Landlords in Seattle are fighting a local housing ordinance that forces them to accept potentially violent criminals, including sex offenders, as residential tenants. They are preparing to take their legal challenge all the way to the Supreme Court.
Pacific Legal Foundation (PLF), a Sacramento-based public interest law firm that represents the landlords, is optimistic about the case’s chances. The organization argues that “government bureaucrats cannot deprive property owners—who have no track record of discrimination—of their constitutionally protected right to choose their own tenants.”
The move comes after the Washington Supreme Court ruled against property owners across the state Nov. 14 in two lawsuits collectively cited as Yim v. City of Seattle.
The laws are “trying to turn private housing into a public utility by taking away property rights such as the right to select a tenant,” said Brian T. Hodges, a senior attorney at Pacific Legal Foundation.
The laws are “not about protecting citizens, but about making criminals a protected class,” he said.
Landlords also have a responsibility to protect existing tenants from foreseeable harms, and Seattle’s laws make that duty difficult to carry out, he said.
Fair Chance Housing Ordinance
The theory behind the ordinances is that they will combat subconscious racial bias among the city’s landlords.
A “first-in-time” ordinance forces landlords to rent to the first financially-qualified tenant to apply, even if landlords have good reasons to choose someone else. If the first applicant refuses to rent the property, the landlord must continue down the list in chronological order.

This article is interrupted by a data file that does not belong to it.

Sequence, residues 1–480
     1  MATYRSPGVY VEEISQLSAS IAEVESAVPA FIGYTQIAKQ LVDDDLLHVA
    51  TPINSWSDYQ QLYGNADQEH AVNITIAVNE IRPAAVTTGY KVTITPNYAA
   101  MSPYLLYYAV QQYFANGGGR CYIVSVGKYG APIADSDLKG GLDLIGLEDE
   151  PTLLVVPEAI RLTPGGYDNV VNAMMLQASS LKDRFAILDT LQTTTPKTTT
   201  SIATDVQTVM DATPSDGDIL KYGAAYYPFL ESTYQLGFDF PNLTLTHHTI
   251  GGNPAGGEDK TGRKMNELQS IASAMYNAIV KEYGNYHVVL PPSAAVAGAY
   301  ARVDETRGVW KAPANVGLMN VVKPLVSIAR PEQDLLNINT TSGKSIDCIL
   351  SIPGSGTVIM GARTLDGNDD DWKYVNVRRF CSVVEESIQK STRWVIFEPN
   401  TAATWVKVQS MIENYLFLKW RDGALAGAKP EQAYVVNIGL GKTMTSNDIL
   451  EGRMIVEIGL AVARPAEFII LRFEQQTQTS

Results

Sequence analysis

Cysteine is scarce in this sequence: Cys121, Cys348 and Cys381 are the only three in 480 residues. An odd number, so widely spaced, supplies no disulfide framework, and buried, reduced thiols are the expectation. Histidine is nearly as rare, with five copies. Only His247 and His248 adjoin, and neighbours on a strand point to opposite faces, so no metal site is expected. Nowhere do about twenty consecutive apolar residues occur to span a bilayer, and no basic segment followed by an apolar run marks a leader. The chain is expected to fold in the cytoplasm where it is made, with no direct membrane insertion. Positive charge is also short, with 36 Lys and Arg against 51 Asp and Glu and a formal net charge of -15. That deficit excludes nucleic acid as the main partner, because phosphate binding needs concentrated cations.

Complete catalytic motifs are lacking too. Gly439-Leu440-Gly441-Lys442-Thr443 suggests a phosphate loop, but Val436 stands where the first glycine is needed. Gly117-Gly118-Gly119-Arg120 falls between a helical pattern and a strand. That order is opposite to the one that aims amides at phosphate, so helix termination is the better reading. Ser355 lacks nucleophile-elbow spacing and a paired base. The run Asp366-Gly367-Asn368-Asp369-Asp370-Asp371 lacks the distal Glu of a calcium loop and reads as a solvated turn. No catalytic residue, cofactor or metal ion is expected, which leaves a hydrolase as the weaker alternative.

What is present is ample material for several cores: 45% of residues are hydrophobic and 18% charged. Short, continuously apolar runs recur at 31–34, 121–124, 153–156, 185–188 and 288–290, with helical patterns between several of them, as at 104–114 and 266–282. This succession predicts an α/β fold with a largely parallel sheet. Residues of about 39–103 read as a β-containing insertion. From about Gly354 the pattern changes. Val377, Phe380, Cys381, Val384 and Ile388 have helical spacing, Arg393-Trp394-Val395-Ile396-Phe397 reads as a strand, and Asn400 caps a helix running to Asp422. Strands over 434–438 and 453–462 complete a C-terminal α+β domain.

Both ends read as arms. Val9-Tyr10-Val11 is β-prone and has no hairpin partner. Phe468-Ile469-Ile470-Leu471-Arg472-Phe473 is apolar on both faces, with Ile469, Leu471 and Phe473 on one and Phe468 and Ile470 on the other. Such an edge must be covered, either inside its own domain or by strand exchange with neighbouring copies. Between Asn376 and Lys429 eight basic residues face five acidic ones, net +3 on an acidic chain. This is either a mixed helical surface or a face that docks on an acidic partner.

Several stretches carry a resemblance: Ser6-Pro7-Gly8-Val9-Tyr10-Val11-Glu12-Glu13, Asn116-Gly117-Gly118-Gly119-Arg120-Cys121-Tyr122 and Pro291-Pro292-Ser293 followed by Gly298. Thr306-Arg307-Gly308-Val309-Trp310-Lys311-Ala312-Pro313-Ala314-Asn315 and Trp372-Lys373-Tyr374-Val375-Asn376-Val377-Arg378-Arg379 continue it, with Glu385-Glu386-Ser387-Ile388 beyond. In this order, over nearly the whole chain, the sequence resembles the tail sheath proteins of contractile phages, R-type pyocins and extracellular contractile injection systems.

The “Fair Chance Housing Ordinance” of 2017 prevents landlords from considering applicants’ criminal histories. That ordinance declares that, subject to certain exceptions, it is an unfair practice for landlords and tenant screening services to “require disclosure, inquire about, or take an adverse action against a prospective occupant, a tenant, or a member of their household, based on any arrest record, conviction record, or criminal history.”
The landlords say this inhibits their ability to base rental decisions on factors such as personal safety or concerns about sex offenses or crimes against children. A landlord is permitted to refuse to rent to someone who is on a sex offender registry for a crime committed as an adult, but only if the landlord can prove to the Seattle Office for Civil Rights that there is a “legitimate business reason” for doing so.
“This decision is troubling for Washington state property owners whose rights have been under constant assault,” said Hodges.
“The court’s decision holds that property rights deserve less protection than all of the other rights enshrined in the Bill of Rights—a conclusion that flies in the face of the United States Supreme Court’s recent declaration that property rights are fully-fledged constitutional rights,” he said.
The case to which Hodges was referring is Knick v. Township of Scott, Pennsylvania, a landmark June 21 decision by the Supreme Court that overturned precedent and made it easier for property owners to seek legal redress in federal courts without first having to file suit in state courts after their property is taken. His law firm also acted in that litigation, representing property owner Rose Knick.
“The decision is also a loss for Seattle’s renters, who are faced with dwindling housing opportunities and rising costs as many rental property owners have left the market in response to the city’s draconian restrictions,” Hodges said.
The landlords argue that the Fair Chance ordinance violates the due process and free speech provisions of both the Washington State and U.S. Constitutions.
The Epoch Times asked the office of Seattle Mayor Jenny Durkan for a comment but had not received one as of press time.